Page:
Results tagged ‘ Jacksonville Suns ’

On the Road: Elated and Inflated in Jacksonville

To see all of my posts from this visit to the Jacksonville Suns (this is Part Three) click HERE. To see all of the posts from my April 2015 Florida trip, click HERE. To see all of my “On the Road” posts (going back to 2010), click HERE.

This is the end! The last post from the last stop on my season-opening Florida ballpark road trip. I’m feeling a little loopy as I write this — it’s been a long day and I leave for my next trip tomorrow morning — but not as loopy as I felt while watching the Jacksonville Suns host the Montgomery Biscuits on this wet Saturday night in April.

080My old pals the Zooperstars! were in town.

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Things always get weird when the Zooperstars! are in town. Even when! I’m writing about the Zooperstars! things get weird, as I start! putting exclamation marks in all the wrong! places.

Southpaw was like “Oh, man, how can I compete with those inflatable dancing weirdos?”

IMG_1075“That was a rhetorical question,” Southpaw continued. “But I’ll answer it anyway. I can’t compete with those inflatable dancing weirdos. I just can’t. I’m outta here.”

IMG_1076Upon re-emerging on the concourse, I paid a visit to Pedro Bragan’s concourse “Chairman’s Box.” Here, he poses with his “Victory Bell,” a locomotive bell presented to his father, Peter Bragan Sr., by CSX Transportation.

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Considering that this game was preceded by a 102-minute rain delay, Pedro was satisfied with how many fans stuck around.

“That’s the power of the Zooperstars!,” he said. (The exclamation mark is part of the Zooperstars! name. Do not mistake its inclusion in the preceding quote for irrational exuberance on the part of Pedro.)

And when that Victory Bell rings, you can hear it everywhere. Even here, in the rain-soaked bleacher section.

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085While I was out here in the bleacher wilderness, I enjoyed the kind of ballpark snack you just can’t find where I’m from: Salt and Vinegar Pork Rinds and Sweet Tea from the Front Porch Kettle Corn kiosk.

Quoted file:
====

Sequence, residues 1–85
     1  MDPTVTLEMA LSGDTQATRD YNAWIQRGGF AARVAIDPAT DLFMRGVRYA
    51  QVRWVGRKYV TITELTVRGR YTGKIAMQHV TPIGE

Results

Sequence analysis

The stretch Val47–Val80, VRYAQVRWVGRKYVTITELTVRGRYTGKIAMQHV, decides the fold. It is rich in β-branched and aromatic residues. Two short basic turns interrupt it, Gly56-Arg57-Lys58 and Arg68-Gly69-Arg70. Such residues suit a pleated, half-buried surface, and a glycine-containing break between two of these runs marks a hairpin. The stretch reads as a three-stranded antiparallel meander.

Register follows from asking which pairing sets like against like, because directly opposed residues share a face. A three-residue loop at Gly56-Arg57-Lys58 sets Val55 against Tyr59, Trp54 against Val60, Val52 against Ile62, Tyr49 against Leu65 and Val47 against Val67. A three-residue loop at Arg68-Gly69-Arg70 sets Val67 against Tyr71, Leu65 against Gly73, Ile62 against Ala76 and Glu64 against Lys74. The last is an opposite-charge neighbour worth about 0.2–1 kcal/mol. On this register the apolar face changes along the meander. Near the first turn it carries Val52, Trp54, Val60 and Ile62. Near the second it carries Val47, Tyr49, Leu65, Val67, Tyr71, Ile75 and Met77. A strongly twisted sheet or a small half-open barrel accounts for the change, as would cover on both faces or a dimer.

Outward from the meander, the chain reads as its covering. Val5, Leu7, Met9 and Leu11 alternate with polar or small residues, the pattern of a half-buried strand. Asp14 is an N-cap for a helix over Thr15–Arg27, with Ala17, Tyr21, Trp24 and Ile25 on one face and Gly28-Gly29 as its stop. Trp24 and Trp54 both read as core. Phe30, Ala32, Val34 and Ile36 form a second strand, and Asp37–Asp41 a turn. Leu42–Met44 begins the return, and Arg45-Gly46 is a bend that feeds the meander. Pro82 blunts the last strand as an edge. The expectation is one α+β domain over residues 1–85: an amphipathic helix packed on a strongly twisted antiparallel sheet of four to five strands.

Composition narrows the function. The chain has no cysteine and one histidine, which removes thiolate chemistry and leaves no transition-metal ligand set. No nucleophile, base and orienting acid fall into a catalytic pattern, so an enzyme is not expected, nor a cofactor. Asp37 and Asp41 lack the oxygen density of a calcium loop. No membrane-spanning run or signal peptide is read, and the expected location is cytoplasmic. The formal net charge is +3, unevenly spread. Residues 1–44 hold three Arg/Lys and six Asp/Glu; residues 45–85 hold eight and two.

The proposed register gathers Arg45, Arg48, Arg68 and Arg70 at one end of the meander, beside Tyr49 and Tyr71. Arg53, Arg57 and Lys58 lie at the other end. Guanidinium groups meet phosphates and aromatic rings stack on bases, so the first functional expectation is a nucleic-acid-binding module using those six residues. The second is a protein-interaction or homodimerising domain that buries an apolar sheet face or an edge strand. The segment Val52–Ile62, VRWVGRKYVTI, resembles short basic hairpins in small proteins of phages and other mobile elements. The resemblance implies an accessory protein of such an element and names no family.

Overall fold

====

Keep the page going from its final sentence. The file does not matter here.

That’ll be it for Baseball Grounds of Jacksonville food coverage, as my designated eater (you know, the individual who eats the ballpark cuisine that my gluten-free diet prohibits) canceled. My attempts to get a new one failed. A lot of people showed interest on Twitter, but no one sent the email that I require. That’s all I ask for: an email. Courteous, conscientious communication. How hard is that?

Anyhow, here’s a photo of one of the concession stands. It’s the best I can do right now.

074After finishing my pork rinds and sweet tea, I continued my slow lap around the concourse. The game seemed like it was a million miles away.

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Here I am approaching the scoreboard. Repeat: Approaching the scoreboard.

090I had never been so close to a pitch clock before.

I believe that this interesting little left field protrusion is called “The Knuckle.”

094The Knuckle is at the intersection of Amen Circle and Home Run Alley.

095Once I made it back to the seating bowl, I happened upon my old Zooperstar! pal Harry Canary. He had just sung the seventh-inning stretch and needed to let off some steam.

(This is my most-watched Vine of all time.)

Harry then sprayed me with silly string. This is just the sort of thing Harry does. I’m think I’m going to use this as my new online dating profile pic.

IMG_1092I watched the end of the game in close proximity to Bragan’s “Chairman’s Box.”

100But the Victory Bell remained silent on this evening — the Biscuits won the ballgame.

101Thus concluded my time in Jacksonville and thus concluded my season-opening Florida road trip. I’m hitting the road again tomorrow.

See you soon, Midwest.

benjamin.hill@mlb.com

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On the Road: A Long Reign and a Long Rain in Jacksonville

To see all of my posts from this visit to the Jacksonville Suns (this is Part Two) click HERE. To see all of the posts from my April 2015 Florida trip, click HERE. To see all of my “On the Road” posts (going back to 2010), click HERE.

I arrived at the Baseball Grounds of Jacksonville hours before that evening’s Suns game was supposed to be played. Therefore, I was able to snag a primo parking place. A very long home run to left field could smash the windshield, but, hey, whatever, it’s a rental car. YOLO.

001 The area surrounding the ballpark is kind of schizophrenic. The Jacksonville Jaguars’ home of EverBank Field is located just down the street.

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On the Road: Exploring the Past in Jacksonville

To see all of my posts from this visit to the Jacksonville Suns (this is Part One) click HERE. To see all of the posts from my April 2015 Florida trip, click HERE. To see all of my “On the Road” posts (going back to 2010), click HERE.